On Sunday, March 20, Annie Begins will be the featured book on Stephanie Elliot's phenomenal "March Madness" book giveaway, where she runs a bit of a lottery every day of this month giving away the books of writers like Emily Giffin, Allie Larkin, Laura Dave, Allison Pearson, and....me! It surely goes without saying how excited I am to be in the company of these great authors, many of whom are Stephanie's personal friends. (I recommend checking out Steph's various blogs, one of which includes an excerpt of her novel in progress; she's a terrific writer.) I've noticed that giveaways are a popular form of book promotion and it makes sense--readers love discovering new work and writers are eager to get the word out about theirs. But what I especially like about how Stephanie is approaching this is that she chooses a question that relates to the theme of the book and asks her readers to answer it as part of their "entry" into the daily drawing. The result is a lively discussion and a sense of community, and also a way for potential readers to get into the spirit or theme of a book while deciding whether to read it. I had noticed an interview by Catherine MacKenzie talking to Emily Giffin on this topic that shares additional insights about book promotion. Check it out for other excellent ideas.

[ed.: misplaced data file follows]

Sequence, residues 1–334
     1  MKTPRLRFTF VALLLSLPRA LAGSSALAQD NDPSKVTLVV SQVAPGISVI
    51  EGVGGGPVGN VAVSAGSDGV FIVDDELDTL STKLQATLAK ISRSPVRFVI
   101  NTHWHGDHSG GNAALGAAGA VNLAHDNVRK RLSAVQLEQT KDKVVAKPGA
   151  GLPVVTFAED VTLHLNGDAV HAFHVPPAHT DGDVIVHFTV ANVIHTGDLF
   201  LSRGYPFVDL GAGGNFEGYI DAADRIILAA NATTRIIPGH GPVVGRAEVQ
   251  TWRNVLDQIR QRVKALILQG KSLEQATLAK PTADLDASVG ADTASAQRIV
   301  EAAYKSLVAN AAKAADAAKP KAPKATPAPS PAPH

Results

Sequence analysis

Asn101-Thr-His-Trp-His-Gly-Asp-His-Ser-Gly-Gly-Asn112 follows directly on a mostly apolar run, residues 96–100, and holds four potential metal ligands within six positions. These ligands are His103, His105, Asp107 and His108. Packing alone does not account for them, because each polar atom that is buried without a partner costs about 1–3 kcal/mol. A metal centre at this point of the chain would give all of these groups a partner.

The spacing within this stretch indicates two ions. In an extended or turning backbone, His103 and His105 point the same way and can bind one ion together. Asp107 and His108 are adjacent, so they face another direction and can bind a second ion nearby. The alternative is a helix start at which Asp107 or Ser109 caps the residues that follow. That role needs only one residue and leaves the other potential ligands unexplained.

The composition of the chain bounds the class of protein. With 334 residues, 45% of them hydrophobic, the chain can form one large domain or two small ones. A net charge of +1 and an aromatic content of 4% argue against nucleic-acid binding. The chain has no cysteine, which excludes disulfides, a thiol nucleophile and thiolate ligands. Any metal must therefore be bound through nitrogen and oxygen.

I am somewhat dumbstruck by the sheer number of profiles, book pages, author pages, websites, blogs, twitter accounts, etc. that writers are utilizing to manage their interface with readers online. I myself am, just as of tonight, the proud owner of a new Facebook Book Page (which has precisely two friends so far) and an Amazon Author Page (which I am in the process of updating so that you can actually *see* my all-white book cover against the all-white background!), and I await the completion of my website while relying on the temporary one I built. Once my book is available I will create an author page on GoodReads and Shelfari, and I am sure I am missing something (feel free to comment on what that might be!). One thing I am not doing is Twitter -- I don't already tweet, and believe I need to master the proliferating venues I've already committed to before trying to express myself in 140-character spurts. This seems a little out of control right now, the different ways we provide essentially the same information to readers, but at the same time, I don't want to miss someone who prefers Facebook to, say, Blogger. So, at least until the whole online universe rationalizes itself or someone makes the master app that lets you manage everything from one central location, I will be updating across platforms just like everyone else! There is much more to be said on the topic of promotion, so with the recognition that this has just scratched the surface, I think a good next step for me is to produce the definitive list of places to have an online presence for a writer. I tend to start lists like this at Google, guessing someone else has already done it. I'll post here whatever I find.